Does Owning a Home Disqualify Me from Medicaid
These times we live in are so precarious that from one moment to the next, none of us are sure of our retirement future. The stock market fluctuations, the changing political landscape and the rules attached to retirement income all work together to create a growing industry of anti-depressants and acid reflux medicines. However, does owning a home disqualify me from Medicaid? The sad answer is that yes, sometimes it does, and sometimes it does not. The rules are so convoluted and complex that the agent reviewing your taxes in order to determine eligibility almost has it within their power to go either way. It is subjective, and the state of our retirement plans lies in the balance.
Does Owning a Home Disqualify Me from Medicaid?
So, does owning a home disqualify me from Medicaid? Not necessarily, as long as your value is below the standard for acceptance and the person reviewing your claim is having a good day.
Medicaid Eligibility Home Ownership
Concerning Medicaid eligibility home ownership, there are limits of available assets that one can have concerning Medicaid. If you are within those limits as a home owner, then you are all set. If however, you are slightly over, there is some discrepancy on the part of the reviewer as to your eligibility.
Medicaid Rules for Selling Home
To learn more, check out the online resources about Medicaid rules for selling home properties in order to reduce your asset load. You may not have to sell if your value is below the threshold.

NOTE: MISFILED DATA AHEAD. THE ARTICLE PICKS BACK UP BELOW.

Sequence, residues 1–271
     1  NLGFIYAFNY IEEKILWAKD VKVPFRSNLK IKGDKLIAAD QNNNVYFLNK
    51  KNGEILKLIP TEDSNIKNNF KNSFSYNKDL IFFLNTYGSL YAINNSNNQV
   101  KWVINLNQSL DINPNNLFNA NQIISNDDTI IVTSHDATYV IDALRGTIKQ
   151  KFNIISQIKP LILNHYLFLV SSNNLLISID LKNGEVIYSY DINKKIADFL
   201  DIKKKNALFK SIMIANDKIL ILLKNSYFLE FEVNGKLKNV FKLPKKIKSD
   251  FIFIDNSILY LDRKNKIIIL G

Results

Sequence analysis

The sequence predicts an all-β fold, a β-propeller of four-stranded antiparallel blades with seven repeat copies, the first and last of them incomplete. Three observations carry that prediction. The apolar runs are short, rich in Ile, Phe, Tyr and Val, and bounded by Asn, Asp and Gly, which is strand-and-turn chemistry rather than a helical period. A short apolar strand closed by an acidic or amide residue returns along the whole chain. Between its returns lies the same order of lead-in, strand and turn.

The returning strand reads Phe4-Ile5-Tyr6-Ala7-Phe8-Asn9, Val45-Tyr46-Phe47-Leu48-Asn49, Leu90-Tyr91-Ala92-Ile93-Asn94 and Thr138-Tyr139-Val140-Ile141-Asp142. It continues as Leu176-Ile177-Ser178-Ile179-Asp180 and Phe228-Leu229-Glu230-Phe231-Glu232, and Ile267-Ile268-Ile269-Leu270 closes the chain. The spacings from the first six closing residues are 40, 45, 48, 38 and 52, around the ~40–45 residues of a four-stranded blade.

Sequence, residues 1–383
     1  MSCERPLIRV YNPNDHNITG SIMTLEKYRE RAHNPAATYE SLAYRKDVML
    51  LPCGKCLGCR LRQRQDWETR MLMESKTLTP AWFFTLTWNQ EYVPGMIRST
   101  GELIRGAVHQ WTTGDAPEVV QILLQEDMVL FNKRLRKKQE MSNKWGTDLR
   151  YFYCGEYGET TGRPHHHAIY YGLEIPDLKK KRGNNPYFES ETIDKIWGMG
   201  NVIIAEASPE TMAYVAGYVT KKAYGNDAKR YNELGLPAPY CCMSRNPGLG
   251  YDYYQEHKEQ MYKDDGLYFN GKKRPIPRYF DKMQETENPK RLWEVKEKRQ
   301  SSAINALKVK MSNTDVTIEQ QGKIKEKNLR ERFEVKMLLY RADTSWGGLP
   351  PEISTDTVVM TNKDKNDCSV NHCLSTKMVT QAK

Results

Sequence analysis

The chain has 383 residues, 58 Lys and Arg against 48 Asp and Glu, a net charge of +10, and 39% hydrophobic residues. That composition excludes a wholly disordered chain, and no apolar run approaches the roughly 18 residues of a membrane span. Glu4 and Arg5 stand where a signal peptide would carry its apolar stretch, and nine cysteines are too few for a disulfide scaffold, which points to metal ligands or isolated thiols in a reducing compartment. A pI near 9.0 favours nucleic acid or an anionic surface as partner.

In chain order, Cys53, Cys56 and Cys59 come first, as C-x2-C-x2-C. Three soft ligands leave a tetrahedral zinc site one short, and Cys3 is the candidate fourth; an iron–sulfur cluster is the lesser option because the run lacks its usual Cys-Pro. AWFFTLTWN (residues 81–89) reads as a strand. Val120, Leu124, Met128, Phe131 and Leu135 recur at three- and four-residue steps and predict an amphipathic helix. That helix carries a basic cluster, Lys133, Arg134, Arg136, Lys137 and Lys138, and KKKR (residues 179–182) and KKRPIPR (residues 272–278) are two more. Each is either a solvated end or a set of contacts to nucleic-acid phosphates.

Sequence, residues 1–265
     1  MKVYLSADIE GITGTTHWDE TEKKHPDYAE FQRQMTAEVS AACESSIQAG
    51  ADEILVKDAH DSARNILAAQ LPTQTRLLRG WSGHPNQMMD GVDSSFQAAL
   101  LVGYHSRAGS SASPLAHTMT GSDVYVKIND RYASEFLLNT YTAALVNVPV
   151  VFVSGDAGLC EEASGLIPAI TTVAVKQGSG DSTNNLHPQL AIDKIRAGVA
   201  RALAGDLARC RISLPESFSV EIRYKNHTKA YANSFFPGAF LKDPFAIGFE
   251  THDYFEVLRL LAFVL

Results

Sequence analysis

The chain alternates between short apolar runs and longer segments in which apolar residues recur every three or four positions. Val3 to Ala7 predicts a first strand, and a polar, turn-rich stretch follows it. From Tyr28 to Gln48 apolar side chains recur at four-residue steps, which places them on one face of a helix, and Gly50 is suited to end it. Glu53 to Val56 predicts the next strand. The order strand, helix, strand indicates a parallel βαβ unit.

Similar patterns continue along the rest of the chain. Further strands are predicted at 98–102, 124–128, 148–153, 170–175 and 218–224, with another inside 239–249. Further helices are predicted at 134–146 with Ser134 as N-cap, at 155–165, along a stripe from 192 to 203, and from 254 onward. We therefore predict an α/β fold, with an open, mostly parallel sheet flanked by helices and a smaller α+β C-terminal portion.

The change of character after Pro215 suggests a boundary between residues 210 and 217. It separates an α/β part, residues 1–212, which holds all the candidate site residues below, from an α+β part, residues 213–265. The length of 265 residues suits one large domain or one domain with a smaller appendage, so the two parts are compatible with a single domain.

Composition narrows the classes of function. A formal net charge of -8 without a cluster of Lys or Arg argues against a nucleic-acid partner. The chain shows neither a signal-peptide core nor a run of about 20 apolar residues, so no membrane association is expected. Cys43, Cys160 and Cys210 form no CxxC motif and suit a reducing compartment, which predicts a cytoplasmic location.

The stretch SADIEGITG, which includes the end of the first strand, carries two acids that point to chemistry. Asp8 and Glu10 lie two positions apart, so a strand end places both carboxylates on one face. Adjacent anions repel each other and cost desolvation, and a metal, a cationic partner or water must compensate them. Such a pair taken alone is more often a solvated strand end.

Medicaid and Property Transfer
So, does owning a home disqualify me from Medicaid? It can, depending on the translation of the federal laws your tax auditor is applying. At times, the amount for personal assets is set strictly on your level, while at other times, the logic sets in and the auditor will cut you a break. It simply means that if they are in a good mood, you will be able to keep your home as well as apply for Medicaid. The chances are slippery and reading reviews on line about certain filing agents can help you make the right choice. Now, if you live in a million-dollar home, then no fancy accounting on anyone’s part is going to make you eligible. But, if you own a home outright under a the $100,000 assessed value mark, you may be able to get away with keeping your house under your name and being eligible for Medicaid and property transfer status. It all depends on who you get to fill out your application for you.
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